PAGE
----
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Q & A: A bit of meteorology

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Most recent answer: 10/22/2007
Q:
My question about weather forecasters. When they say, for example, that the chance of rain is 30%, what exactly do they mean? Are they speaking of the chance that it will rain specifically where I happen to be or anywhere in the large metropolitan area where their broadcast is heard? Surely, those are different probabilities. Also, what period of time is implied? The chance that it will rain sometime this week is different than the chance of it raining in the next hour. It seems to me that weather forecasters should specify the geographic area and the period of time whenever they give us probabilities. What do you think?
- Richard Treptow
Chicago State University, Chicago, IL, USA
A:
The significance of the percentage in a forcast is based upon history. If there is a 30% chance of rain for a the current weather conditions, then 30% of past times that the weather was like it is currently, it rained. As far as period of time, that is generally given. Something like "a 30% chance of rain till noon, then partly cloudy in the afternoon." Geographical location has to be general in order for them to make any prediction about the weather. Weather conditions are too changing to specify them to a very small area (like one building).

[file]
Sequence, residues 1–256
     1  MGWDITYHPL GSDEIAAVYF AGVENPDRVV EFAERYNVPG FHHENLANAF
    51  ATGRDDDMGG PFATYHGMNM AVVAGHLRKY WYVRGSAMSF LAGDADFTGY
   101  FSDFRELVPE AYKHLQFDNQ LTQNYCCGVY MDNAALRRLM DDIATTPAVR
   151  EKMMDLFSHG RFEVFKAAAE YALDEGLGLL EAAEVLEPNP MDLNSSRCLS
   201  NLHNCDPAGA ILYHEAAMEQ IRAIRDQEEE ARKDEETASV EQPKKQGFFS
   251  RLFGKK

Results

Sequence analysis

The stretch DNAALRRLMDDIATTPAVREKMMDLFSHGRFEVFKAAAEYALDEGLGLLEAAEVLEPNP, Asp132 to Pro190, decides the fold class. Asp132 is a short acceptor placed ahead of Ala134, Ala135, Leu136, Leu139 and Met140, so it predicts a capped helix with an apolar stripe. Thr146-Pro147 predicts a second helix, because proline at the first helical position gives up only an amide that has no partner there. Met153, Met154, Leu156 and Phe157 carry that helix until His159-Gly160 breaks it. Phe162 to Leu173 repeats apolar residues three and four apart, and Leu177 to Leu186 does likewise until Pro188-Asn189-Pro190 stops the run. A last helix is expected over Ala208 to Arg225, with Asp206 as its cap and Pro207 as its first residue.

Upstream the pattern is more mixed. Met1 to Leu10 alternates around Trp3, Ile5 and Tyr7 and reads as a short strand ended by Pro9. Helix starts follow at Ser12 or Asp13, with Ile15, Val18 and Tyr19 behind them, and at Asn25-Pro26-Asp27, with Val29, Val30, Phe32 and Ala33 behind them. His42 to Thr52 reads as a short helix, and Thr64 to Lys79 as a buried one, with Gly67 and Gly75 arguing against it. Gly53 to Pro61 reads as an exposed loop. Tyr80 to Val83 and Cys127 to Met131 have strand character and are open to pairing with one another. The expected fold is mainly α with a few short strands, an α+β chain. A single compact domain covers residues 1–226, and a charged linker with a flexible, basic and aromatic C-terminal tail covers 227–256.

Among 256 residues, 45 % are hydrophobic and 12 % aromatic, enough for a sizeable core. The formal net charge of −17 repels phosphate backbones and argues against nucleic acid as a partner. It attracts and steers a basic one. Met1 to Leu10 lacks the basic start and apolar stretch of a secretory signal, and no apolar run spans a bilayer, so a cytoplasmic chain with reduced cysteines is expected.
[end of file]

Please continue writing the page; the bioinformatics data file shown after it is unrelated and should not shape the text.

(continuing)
(published on 10/22/2007)

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